modeling rangewide metapopulation viability and persistence of the endangered tidewater goby (eucyclogobius newberryi): implications for long-term conservation and management

Research Project | 2016

Modeling Rangewide Metapopulation Viability and Persistence of the Endangered Tidewater Goby (Eucyclogobius newberryi): Implications for Long-term Conservation and Management

Awardee: Brenton Spies

Department: Ecology and Evolutionary Biology

Funding Source: La Kretz Center Graduate Grant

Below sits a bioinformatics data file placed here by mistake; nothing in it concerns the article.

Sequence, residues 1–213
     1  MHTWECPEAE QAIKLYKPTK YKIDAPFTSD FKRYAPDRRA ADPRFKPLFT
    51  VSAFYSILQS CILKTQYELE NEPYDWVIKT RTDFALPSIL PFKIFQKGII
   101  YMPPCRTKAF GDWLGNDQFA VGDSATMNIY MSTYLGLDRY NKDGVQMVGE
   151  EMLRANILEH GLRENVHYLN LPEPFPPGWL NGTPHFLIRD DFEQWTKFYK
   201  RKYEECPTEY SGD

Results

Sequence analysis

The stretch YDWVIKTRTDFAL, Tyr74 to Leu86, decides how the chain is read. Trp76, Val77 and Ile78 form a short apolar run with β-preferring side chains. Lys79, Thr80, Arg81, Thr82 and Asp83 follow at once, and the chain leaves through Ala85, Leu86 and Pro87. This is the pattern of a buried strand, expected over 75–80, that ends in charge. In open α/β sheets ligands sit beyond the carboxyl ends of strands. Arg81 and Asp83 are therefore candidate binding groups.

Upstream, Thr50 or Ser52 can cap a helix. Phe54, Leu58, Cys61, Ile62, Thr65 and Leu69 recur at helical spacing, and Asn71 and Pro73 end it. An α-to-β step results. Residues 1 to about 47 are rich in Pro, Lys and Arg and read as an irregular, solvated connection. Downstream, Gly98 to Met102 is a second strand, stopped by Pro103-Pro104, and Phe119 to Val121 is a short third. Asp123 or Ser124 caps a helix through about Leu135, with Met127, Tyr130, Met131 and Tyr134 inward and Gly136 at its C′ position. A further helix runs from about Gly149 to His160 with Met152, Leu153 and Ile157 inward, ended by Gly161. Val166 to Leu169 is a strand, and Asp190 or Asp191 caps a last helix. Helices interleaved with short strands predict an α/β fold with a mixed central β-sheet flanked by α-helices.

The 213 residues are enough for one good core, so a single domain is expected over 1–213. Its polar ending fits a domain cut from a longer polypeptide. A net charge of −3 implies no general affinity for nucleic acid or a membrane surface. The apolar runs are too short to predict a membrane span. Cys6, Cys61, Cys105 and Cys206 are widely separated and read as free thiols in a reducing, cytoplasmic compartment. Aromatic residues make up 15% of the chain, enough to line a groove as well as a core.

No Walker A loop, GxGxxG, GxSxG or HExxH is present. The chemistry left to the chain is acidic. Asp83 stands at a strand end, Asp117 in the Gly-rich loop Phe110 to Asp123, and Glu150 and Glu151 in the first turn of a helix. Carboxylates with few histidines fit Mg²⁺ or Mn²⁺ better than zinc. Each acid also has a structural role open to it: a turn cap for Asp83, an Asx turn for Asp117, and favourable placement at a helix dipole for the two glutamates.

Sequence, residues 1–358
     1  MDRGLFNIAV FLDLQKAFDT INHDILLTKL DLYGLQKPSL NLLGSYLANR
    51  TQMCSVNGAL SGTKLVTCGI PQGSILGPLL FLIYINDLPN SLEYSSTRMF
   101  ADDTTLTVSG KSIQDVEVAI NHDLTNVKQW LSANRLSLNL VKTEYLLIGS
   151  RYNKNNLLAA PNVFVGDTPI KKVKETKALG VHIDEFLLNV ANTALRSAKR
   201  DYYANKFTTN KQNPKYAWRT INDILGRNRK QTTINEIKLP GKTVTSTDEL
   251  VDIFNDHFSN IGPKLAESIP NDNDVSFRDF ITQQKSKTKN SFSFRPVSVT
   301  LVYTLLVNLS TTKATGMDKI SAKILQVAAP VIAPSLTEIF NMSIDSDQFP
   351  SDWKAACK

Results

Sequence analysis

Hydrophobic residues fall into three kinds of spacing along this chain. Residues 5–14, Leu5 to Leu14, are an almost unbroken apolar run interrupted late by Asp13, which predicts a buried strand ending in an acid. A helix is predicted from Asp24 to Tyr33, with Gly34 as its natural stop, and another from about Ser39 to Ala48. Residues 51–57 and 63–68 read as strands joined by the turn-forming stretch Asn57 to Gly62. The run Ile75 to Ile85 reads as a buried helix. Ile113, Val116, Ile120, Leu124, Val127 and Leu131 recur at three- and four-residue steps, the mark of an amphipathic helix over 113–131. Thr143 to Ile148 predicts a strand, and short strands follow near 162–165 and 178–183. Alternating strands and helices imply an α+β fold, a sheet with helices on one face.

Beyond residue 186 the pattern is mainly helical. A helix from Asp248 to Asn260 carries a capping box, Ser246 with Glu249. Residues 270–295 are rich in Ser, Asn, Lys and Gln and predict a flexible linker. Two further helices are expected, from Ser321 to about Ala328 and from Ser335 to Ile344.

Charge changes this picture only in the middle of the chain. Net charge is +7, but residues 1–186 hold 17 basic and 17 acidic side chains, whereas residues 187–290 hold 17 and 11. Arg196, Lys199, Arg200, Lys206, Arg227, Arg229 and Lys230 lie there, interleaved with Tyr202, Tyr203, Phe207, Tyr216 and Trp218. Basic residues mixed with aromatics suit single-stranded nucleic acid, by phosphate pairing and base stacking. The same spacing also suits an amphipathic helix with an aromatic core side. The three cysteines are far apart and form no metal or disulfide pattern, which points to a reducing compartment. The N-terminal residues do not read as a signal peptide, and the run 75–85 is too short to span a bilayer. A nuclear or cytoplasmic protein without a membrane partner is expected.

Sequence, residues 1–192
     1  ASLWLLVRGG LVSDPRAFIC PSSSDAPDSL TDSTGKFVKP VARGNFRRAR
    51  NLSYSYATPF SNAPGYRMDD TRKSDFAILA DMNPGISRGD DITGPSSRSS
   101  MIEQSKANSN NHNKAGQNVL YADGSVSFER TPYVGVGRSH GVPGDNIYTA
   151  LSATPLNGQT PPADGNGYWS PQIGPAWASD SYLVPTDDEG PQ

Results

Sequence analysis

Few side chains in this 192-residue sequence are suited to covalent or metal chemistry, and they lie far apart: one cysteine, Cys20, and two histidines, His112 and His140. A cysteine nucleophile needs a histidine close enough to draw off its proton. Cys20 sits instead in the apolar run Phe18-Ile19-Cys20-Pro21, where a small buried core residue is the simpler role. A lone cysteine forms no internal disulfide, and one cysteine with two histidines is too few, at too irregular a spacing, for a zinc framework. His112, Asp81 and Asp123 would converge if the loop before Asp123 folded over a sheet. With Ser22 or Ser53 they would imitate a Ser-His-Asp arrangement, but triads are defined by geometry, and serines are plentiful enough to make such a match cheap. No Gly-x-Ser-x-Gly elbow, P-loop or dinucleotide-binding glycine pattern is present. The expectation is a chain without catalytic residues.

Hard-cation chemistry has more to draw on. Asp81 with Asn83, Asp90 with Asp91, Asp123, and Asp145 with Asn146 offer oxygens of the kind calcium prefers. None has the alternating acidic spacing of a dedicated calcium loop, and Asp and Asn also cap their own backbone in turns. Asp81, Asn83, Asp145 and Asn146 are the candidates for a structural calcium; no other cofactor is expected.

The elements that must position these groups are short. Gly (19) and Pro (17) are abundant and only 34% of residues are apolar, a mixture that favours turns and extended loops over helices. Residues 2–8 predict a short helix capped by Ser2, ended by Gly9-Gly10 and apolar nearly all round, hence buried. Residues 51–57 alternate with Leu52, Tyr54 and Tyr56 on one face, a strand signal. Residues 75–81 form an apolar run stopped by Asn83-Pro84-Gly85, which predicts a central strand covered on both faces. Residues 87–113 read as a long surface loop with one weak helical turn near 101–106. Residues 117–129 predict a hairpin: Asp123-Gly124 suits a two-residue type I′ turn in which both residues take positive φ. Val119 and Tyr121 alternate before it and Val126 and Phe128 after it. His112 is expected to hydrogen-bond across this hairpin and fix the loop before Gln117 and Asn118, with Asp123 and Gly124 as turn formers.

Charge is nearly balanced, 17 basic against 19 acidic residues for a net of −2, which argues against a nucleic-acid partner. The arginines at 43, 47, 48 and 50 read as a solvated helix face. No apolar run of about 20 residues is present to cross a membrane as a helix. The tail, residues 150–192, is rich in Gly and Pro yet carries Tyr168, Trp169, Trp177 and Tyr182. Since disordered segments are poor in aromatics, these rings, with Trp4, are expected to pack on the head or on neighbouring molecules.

The tidewater goby, Eucyclogobius newberryi, has been listed as federally endangered since 1994. This small, annual fish species may be predisposed to local extirpation due to its preference for seasonally variable coastal lagoonal settings. These habitats are heavily impacted by anthropogenic effects, limiting the amount of suitable habitat this species needs for recovery. A significant component of my PhD research is directed towards implementing aspects of the US Fish & Wildlife Service Recovery Plan in order to determine the best approach for long-term conservation and sustainability of the species. A primary action essential for assessment of status prior to downlisting, or determination of recovery, is a metapopulation viability analysis (MVA). MVA models are used to assess population viability by predicting patterns of extinction and colonization based on presence/absence survey data, as well as multiple habitat characteristics (e.g. habitat size, climate, water quality, etc.). To be considered viable for downlisting from endangered to threatened, individual Sub-Units (metapopulations) within each Recovery Unit must be projected to have a 75% or better chance of persisting for a minimum of 100 years. In order to accurately inform these models, and assess the health and current status of the species, biannual population surveys in over 100 estuaries are needed, spanning from Bodega Bay to San Diego, CA. Preliminary surveys have already revealed a high degree of endangerment, mainly in southern California due to habitat desiccation from drought conditions, and the introduction of non-native species. Endangerment is especially high in the southern unit of San Diego County where tidewater gobies have been eliminated from all but three small systems on Marine Corps Base Camp Pendleton. This unit is an undescribed, and unequivocally endangered, distinct species in the genus Eucyclogobius that is currently being managed as E. newberryi. Funding support from the La Kretz Center Graduate Research Grant will help fund the travel and equipment expenses to conduct these expansive coast wide surveys, including surveys in San Diego County where current efforts (January 2016) are under way to save the southern tidewater goby from going extinct.